For most companies in the business world, reducing costs is viewed upon positively. But, for those who speak of it, BEWARE! Sometimes, the idea of reducing costs becomes synonymous with cutting staff in the manufacturing world, especially in the minds of employees. Instead of focusing on just reducing costs, manufacturers should prioritize their efforts and focus on reducing excess and unnecessary costs. This is where Six Sigma comes in.

Six Sigma 101
six sigma 101
Six Sigma is a powerful set of methods and tools enabling manufacturers to reduce excess costs by maximizing efficiencies, eliminating waste and removing variations from their production cycle. The system helps companies create a culture of continuous improvement where employees contribute to positive change and growth. Six Sigma results are geared to be measurable and verifiable.

Six Sigma is applicable to an entire company. It’s not just about improving your production floor – the methodology seeks to streamline processes including delivery and customer service. Projects related to Six Sigma typically follow one of two methodologies based on an acronym:

1)     DMAIC (commonly used to improve already existing operations and businesses):
a.     Define
b.     Measure
c.     Analyze
d.     Improve
e.     Control

2)     DMADV (commonly applied to projects seeking to create new products or processes):
a.     Define
b.     Measure
c.     Analyze
d.     Design
e.     Verify

A Brief History of Six Sigma
The concept of Six Sigma originally comes from statistics and relates to the process of solving problems based on analytical data and evaluation. Six Sigma as a measurement standard can be traced back to the early 19th century. However, Motorola is known as the company to have popularized it in the manufacturing industry in the 1980’s after Motorola engineers grew unhappy with traditional quality measurements. Named by engineer, Bill Smith, Six Sigma was born as a new standard and methodology. Motorola claims to have experienced more than $16 billion in savings as a result of implementing Six Sigma. Over the years, various manufacturing giants adopted it before making rounds to the small to medium sized manufacturing community.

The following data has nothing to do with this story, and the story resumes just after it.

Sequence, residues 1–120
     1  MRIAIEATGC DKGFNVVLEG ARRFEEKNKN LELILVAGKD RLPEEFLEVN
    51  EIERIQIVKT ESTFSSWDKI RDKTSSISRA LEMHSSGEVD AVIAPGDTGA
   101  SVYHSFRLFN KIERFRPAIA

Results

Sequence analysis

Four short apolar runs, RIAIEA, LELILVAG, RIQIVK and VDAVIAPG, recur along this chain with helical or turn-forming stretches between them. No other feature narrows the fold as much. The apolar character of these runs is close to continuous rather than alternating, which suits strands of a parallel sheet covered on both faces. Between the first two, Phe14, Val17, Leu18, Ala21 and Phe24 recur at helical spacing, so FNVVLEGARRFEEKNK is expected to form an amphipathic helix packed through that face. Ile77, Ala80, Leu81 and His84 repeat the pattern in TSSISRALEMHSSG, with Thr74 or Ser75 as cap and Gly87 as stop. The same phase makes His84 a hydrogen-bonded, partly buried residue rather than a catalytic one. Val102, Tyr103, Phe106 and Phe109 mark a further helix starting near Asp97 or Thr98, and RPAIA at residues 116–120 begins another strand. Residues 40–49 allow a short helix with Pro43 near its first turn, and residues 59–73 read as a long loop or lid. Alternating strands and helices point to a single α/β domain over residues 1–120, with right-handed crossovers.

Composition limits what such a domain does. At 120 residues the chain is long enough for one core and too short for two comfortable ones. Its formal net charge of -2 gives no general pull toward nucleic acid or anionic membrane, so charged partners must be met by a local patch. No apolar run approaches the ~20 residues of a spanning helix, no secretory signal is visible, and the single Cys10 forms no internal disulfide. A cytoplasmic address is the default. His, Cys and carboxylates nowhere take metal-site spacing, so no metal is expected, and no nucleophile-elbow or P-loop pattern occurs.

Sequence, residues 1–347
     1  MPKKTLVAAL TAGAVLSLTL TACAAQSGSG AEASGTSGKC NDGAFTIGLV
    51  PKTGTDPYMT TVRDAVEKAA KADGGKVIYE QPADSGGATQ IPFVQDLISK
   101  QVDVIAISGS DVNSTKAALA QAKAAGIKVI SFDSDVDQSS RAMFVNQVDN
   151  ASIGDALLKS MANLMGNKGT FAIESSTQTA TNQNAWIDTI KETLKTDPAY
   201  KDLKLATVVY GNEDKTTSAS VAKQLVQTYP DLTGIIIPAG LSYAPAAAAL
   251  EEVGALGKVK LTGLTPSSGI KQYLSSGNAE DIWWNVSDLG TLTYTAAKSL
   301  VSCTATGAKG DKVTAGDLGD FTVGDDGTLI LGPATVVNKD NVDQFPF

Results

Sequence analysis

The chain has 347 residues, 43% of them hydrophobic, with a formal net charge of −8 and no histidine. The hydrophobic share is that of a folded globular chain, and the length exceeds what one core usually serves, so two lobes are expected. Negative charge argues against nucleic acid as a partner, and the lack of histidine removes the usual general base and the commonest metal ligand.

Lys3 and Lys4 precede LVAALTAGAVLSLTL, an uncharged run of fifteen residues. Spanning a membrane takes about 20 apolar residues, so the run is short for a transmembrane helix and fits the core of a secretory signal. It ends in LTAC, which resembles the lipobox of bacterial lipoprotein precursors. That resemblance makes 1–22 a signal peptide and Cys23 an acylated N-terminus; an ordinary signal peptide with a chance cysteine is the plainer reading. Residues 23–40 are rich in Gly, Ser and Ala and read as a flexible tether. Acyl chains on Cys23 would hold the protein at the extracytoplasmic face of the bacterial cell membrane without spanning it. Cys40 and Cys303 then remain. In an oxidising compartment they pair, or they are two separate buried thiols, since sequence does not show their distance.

Six Sigma Training Involves “Belts”
Different levels of certifications, or “belts”, identify roles and responsibilities for Six Sigma within a company. Like in Karate class, these belts signify official certifications and are ranked from lowest to highest as yellow, green, black and master.

Belts represent individuals trained in the Six Sigma doctrine who work on improvement projects within the company. The belts work within teams of subject-matter experts and sponsors to identify the cause of manufacturing problems and solve them. Here are the commonly used belt certifications:

  • Yellow Belts: Employees who have undergone basic training in Six Sigma and participate in improvement projects. However, they play a smaller role in project implementation and evaluation in comparison to Green and Black belts.

  • Green Belts: Staff members who have been trained in Six Sigma and officially implement its projects in conjunction with their current positions. They report to Black Belts within their team structure.

  • Black Belts: Employees who are completely dedicated to Six Sigma as their full-time position. Their focus is to serve as a leader for Six Sigma project implementation. They additionally train and mentor teams on Six Sigma.